“Hey, want to go to Yosemite tomorrow?”

There’s a short list of things I expect to hear when I pick up a phone call from a friend at 9:30 am on a Monday morning – an invitation to go to a national park in less than 24 hours isn’t on that list.

“Yeah sure, I’m not doing much anyways.”

It’s true, I wasn’t.


In case you were wondering what my friends and                         I, or Yosemite, look like

Preparations began later that day. Frantic Airbnb browsing was followed by multiple trips to the market and a prolonged struggle to find a suitable portable grill (on a side note, I have since learned that I am not as good at grilling as I thought). The actual trip went off nearly without a hitch – aside from the few times we got utterly lost on the roads to and from the Park – and proved to be an awesome time. My friends and I hiked up mountains and through waterfalls, experienced beautiful nature and wildlife, and enjoyed the chance to hang out again after being apart for a year. We didn’t worry too much about planning or scheduling, we woke up each morning not knowing where the day would take us – but we always ended up finding something great to do.

And that’s the point of this post.

I feel that, as students, we often get too locked in to the daily order of our lives – class from 10 to 12, lunch, study, class again until 3, meeting at 6, study, repeat. We focus on grades and extracurricular commitments to the detriment of actually living our lives and taking advantage of the unique position we are in as college students surrounded by good friends in a new city full of possibilities. Now, it should go without saying that academics and extracurriculars take priority over aimless traipsing about, and that many students must work in order to get through college and don’t have the liberty to extricate themselves from a set daily schedule. That being said, though, the point remains that there’s a certain beauty in spontaneity that we students miss because of our tunnel vision.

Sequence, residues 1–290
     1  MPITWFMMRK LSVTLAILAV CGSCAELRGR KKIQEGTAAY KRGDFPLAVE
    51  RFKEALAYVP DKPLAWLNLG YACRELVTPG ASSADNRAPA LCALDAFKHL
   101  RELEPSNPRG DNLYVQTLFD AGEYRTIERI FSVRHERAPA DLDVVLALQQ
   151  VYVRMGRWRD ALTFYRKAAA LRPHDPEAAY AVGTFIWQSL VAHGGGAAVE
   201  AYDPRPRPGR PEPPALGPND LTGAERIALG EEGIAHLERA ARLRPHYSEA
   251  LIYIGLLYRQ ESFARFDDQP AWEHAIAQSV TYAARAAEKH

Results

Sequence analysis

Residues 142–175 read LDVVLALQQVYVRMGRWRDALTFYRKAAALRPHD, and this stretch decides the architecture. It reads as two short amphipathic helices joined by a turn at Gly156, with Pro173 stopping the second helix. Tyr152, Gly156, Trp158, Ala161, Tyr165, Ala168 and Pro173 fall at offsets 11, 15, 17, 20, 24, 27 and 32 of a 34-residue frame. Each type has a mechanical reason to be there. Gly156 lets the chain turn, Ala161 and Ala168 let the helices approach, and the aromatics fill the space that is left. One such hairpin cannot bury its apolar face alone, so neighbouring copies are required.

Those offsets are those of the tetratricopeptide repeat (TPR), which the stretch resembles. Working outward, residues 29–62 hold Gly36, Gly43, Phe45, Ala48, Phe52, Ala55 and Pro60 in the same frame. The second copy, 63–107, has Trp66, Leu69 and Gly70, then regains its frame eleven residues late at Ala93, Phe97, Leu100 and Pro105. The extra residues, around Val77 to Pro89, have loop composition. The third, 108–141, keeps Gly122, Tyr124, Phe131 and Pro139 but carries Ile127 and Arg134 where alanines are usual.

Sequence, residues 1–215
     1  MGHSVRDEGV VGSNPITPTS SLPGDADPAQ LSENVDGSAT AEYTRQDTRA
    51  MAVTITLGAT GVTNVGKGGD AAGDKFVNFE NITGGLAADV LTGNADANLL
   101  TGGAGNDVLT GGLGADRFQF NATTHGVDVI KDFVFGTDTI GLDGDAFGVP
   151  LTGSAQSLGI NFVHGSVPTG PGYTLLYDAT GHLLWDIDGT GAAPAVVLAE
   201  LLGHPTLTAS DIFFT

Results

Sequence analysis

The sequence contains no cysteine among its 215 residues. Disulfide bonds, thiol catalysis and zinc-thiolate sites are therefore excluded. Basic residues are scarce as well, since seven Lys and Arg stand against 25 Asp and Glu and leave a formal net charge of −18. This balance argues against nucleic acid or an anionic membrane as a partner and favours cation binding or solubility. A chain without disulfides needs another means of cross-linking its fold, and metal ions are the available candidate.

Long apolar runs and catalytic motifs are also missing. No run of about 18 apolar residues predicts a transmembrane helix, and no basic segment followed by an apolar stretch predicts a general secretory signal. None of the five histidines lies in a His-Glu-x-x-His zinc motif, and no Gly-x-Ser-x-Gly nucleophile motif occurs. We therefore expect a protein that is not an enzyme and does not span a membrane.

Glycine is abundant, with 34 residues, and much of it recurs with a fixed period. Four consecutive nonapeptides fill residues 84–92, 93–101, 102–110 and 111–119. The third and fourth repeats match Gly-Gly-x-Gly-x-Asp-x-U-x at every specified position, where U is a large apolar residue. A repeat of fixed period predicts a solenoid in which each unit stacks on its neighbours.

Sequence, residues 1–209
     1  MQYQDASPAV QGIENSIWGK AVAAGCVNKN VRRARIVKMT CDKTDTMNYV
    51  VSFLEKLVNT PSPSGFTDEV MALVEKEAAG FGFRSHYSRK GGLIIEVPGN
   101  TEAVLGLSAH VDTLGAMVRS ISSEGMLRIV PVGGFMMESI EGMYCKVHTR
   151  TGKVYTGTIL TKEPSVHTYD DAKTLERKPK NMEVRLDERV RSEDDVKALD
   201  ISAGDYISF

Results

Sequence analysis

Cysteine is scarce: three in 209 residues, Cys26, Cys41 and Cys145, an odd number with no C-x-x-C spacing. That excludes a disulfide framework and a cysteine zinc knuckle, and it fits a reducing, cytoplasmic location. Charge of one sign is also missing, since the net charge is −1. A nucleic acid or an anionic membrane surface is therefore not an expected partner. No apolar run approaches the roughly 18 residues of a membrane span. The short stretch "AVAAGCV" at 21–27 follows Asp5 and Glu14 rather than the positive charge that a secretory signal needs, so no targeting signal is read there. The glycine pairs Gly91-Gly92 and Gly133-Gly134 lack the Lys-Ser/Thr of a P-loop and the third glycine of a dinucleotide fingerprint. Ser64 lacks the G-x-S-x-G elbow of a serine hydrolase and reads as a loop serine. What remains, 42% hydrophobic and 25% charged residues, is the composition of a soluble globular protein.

Some of my fondest memories from Hopkins have come from unplanned walks to Hampden and out of the blue hangouts with friends, from ditching my planned laundry sessions or gym times. While my clothes and health might not appreciate consistently backing out of these commitments, a little flakiness has proven to only serve me well.

I think this point also applies on a larger, more imposing, scale. Even though I’m only a rising sophomore, I’ve seen a good number of my friends – at Hopkins or otherwise – worry themselves sick over internship placements, job opportunities, and career paths. While it’s certainly never a bad idea to get a head start on resumes or start mulling over potentially interesting careers, it’s important to take a step back and appreciate the present without worrying too much about where the future might find you. We should try to embrace spontaneity when considering the broader course of our lives, for the additional reason that there’s no benefit in locking on to one career or life goal so early on in our college experience. There are myriad amazing courses and educational opportunities at our fingertips, and it can only help us to keep our minds open, for the time being at least, to what we wish to pursue.

If there’s one thing that admissions pamphlets have taught me, it’s that college is a time of discovery and adventure – and I think its time we took that seriously.